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168Re: Methodology for assessing results from multiple search engines?

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  • Tim
    May 5, 2008
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      Out of the box relevancy is a difficult thing to judge and only one relevancy factor to consider out of many.  I'm guessing that there is no search engine with good-out-of-the-box relevancy unless you are crawling a medium-sized set of high quality, web-only content - and then would that test data realistically represent your company's content?  There are so many issues with relevancy that are enterprise specific and can only be ferreted out over time.

      • When you initially crawl web content your probably going to get all sorts of anomanalies such as the infinite calanders, duplicate pages, looping pages, error pages (that don't return HTTP errors) and others.
      • Users will expect home pages to rank highly yet most home pages don't have a lot of meaningful content or metadata.
      • Users are going to expect Google-like results from your enterprise content - so right from the start your survey results are going to be skewed by unrealistic expectations.
      • You may find that, even with all of the cool sounding Beysian pattern matching and other wizbang algorithms, that keyword density is still going to overtake relevency and return documents that seem completely irrelevant.  For example, we have a departmental web site called "Engineering Test Equipment."   Those three words are so overly used in so many documents that the sheer number of times those three words appear in 10,000's of documents outweighs the exact combination of those three words that show up on the web site title once. 

      Another (possibly better) factor to consider when selecting a search engine vendor is:

      • What tools are avalable to create edited content (Best Bets)?
      • What tuning tools are available to remove duplicates via the similar URLs and/or based upon the content?
      • What tools are available for weighting documents based upon content or URL?
      • Will the search engine allow you to adjust relevancy based on distance from the root? (method for  ranking homepages higher  - works well on some web sites but not others)
      • Will the search engine allow you to exclude/include pages based upon parts of the URL, the hostname or content (ie, a list of stop words)?
      • What tools/parameters allow you to adjust the relevancy during the query (to broaden or narrow the focus of the query)?  For example, we found out that searching for employee data works better with the "relevancy" parameter set to 50.  Web content works okay at 70.   Product/parts data works better by logically ANDing the search terms together.

      Lastly, there is going to be a lot of value you can add in your user interface design that will likely have the biggest impact on relevancy.  This is where you can focus the user's activity to provide better relevancy based upon YOUR business and tailored to you business.  I heard someone at the ESS talk about guiding your user into an "Advanced Search" without them explicitly using advanced search.  That is a great suggestion!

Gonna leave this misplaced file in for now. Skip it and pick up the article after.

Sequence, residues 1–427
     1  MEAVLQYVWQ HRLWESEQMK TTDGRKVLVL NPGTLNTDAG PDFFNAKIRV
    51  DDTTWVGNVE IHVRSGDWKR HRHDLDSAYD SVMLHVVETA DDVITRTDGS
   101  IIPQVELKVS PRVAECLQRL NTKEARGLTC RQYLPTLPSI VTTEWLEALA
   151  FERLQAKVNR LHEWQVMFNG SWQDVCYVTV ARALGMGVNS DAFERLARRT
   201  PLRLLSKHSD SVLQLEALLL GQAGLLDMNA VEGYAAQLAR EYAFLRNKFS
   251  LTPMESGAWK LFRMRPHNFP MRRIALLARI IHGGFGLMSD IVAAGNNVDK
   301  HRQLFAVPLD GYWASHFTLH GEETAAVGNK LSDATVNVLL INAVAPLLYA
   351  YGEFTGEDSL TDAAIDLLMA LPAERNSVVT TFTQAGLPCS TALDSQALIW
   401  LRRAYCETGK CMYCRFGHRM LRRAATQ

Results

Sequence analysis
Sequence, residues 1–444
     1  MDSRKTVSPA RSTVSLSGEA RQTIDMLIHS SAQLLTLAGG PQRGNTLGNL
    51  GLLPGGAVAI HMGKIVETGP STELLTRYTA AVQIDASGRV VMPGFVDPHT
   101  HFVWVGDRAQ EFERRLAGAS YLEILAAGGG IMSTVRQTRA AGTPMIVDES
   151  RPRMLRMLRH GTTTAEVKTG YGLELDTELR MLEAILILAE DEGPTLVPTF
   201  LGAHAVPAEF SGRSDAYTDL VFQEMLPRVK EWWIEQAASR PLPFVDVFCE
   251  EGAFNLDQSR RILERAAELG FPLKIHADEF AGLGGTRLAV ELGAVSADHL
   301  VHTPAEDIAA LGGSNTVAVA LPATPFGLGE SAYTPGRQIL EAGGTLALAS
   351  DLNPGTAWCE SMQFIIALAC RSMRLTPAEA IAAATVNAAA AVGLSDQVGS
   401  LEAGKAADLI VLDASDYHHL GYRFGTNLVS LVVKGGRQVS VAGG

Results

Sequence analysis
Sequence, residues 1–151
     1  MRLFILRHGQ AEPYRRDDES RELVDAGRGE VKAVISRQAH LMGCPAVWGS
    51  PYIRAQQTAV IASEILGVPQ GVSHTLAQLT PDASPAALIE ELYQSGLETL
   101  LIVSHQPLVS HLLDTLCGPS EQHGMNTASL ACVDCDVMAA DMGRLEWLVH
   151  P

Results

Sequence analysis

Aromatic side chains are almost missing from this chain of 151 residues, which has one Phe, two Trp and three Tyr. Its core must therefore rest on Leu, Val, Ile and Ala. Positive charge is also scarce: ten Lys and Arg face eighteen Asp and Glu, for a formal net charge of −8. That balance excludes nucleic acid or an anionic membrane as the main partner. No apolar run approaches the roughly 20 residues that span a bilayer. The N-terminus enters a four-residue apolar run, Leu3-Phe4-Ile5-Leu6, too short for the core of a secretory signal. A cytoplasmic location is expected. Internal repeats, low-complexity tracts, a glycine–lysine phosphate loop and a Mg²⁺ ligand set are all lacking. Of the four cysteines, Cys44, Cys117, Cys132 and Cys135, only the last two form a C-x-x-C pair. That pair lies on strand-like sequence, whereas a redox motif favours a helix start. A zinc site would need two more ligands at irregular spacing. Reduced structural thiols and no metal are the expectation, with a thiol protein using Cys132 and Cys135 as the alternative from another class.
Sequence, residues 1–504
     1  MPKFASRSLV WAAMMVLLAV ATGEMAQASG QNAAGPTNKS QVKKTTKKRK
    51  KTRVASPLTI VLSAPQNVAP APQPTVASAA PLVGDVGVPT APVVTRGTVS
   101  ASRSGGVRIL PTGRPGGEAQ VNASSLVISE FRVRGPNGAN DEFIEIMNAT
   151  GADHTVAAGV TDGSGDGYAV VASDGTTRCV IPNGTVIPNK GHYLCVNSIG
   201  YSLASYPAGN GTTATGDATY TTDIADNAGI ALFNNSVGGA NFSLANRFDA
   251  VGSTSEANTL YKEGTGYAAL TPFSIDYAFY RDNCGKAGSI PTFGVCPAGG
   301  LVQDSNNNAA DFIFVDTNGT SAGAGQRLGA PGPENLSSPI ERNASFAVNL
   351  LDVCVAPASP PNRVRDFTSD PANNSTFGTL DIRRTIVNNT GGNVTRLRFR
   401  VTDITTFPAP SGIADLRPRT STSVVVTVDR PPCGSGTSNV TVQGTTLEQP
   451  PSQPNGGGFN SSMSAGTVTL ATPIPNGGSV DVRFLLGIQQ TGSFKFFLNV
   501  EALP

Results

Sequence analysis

Here are some ways that you're going to improve search relevancy based upon your user interface design:

      • Pick your your search paradigm well, whether it be direct, navigational, faceted, contextual or relational or universal (after 2.5 years I don't think we've gotten this figured out yet)
      • Providing a single, high-level navigation based upon content type is going to yield better relevancy than a single search box for everything and trying to federate relevancy (in my opinion).
      • Grouping content via a taxonomy or categorization
      • Allow site/content owners to contribute Best Bets
      • Applying search tactically to search-related problems
      • Take a "perpetual beta" approach by releasing frequent iterations of the GUI to determine what works and what doesn't work. 

      I completely agree with Avi's approach so don't misunderstand me.  You've got to evaluate relevancy and performance relative to each vendor.  I'm just suggesting that good relevancy will best be achieved by the hard work you do after you deploy the platform.  Therefore the tools and resources provided by the vendor will be key to tuning the engine to your specific needs.

      I think Rennie Walker from Wells Fargo that was one of the people declaring the concept of relevancy as dead.  Certainly to the end user relevancy is king but Rennie is right on.  The concept of search engine relevancy within the enterprise is tainted by the success of consumer search technologies. 

      Tim

      One Relevancy To Rule Them All, One Relevancy To Find Them, One Relevancy To Bring Them All And In The Darkness Bind Them!

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